Anyone got a good clear primer on proper pruning of these monsters? (mine are all at least 6 years old and the Annas and males are over 10 years old).

Scott

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Monsters? I made a 40 foot walk under trellis. Now it is a 40 foot cave that I let get wildly out of control.

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Incredible info there! Thank you very much for sharing

You’re welcome.

To address the topic of this discussion plus some non-argutas for comparison:

Container grown Issai (both 4x and 6x versions), and Flowercloud male (offspring of 4x Issai), all bloomed the following spring for me, as did several kolomiktas, all in 3-5 gallon pots.

Kens Red (in ground) bloomed in it’s third spring. Prolific and Meyers Cordifolia in their 4th. MSU never bloomed for me. I think it’s still on the property, and not sure that it has ever bloomed in 15 years, even though it’s huge.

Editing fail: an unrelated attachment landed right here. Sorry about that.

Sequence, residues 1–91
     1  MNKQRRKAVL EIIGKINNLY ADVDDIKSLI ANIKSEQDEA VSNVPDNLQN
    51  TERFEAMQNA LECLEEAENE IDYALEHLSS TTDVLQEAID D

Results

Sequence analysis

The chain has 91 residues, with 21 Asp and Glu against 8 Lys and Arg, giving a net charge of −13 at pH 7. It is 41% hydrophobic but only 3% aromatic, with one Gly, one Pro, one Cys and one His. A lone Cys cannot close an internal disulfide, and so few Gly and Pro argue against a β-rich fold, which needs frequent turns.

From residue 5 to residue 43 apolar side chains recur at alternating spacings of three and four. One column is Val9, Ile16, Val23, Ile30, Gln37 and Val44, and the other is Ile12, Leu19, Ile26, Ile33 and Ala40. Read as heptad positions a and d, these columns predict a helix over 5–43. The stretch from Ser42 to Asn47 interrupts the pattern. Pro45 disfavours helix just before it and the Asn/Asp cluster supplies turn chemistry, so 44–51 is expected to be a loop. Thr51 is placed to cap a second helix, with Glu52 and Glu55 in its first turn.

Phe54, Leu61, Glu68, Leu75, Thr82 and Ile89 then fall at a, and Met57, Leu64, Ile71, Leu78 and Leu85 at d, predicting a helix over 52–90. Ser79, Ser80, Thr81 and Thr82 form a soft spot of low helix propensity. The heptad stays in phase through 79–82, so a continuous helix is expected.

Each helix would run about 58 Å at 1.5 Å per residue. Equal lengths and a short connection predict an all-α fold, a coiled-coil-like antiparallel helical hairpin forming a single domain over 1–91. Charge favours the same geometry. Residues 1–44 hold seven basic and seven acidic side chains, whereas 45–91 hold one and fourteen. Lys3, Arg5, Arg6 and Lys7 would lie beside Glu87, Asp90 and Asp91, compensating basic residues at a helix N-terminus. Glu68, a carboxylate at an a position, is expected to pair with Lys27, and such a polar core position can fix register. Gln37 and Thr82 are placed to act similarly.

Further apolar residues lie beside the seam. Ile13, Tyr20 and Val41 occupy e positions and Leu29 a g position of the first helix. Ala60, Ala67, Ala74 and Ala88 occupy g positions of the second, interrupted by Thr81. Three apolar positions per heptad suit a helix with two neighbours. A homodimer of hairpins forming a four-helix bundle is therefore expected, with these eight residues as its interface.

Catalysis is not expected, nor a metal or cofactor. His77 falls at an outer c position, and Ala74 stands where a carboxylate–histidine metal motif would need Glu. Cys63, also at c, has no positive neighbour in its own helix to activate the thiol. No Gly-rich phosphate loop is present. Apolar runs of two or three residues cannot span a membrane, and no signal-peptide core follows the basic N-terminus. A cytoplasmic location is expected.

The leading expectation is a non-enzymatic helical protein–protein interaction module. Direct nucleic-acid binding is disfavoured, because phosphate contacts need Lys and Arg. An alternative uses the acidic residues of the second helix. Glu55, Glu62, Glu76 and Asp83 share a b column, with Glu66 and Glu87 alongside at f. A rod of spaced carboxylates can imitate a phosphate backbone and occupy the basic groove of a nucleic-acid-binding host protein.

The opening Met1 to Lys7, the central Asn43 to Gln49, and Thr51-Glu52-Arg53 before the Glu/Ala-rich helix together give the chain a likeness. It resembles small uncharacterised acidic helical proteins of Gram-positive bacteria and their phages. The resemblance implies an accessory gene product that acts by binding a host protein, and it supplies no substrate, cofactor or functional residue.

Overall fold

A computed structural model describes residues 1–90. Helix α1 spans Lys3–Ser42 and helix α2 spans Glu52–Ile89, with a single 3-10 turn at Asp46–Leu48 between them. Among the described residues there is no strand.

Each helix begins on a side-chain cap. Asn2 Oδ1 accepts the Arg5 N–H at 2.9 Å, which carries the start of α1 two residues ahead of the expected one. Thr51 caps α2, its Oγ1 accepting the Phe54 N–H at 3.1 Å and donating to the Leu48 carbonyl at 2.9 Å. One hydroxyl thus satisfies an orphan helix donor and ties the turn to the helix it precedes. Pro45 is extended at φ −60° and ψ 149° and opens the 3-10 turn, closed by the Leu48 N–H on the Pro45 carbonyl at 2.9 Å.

A couple of seedling A. chinensis males (from Hort16A fruit) bloomed 18 months from seed, and female seedlings mostly one year later. Seedlings from an A. deliciosa ‘Qinmei’ fruit from China bloomed in 3rd or 4th year for males and 4th or 5th for females. These turned out to have a 2x A. chinensis pollen parent, and to my surprise, were all tetraploid.

A. kolomikta x A. chinensis (2x) seedlings bloomed in year 2 in 3-gallon containers (all 5 were male and sterile).

Had one hardy kiwi seedling, Chang Bai Giant x unknown arguta male, bloom quickly for someone else when grafted to a mature rootstock, and the original in ground seedling took about 6 or 7? years. It is female. A large clone of it in a container still has not bloomed.

Hardy kiwi (except for the Issai clan) seem to be much less precocious than fuzzy/yellow or Arctic kiwis, and seedlings can take a really long time. If you try to grow from seed, grafting to mature rootstock is definitely the way to go.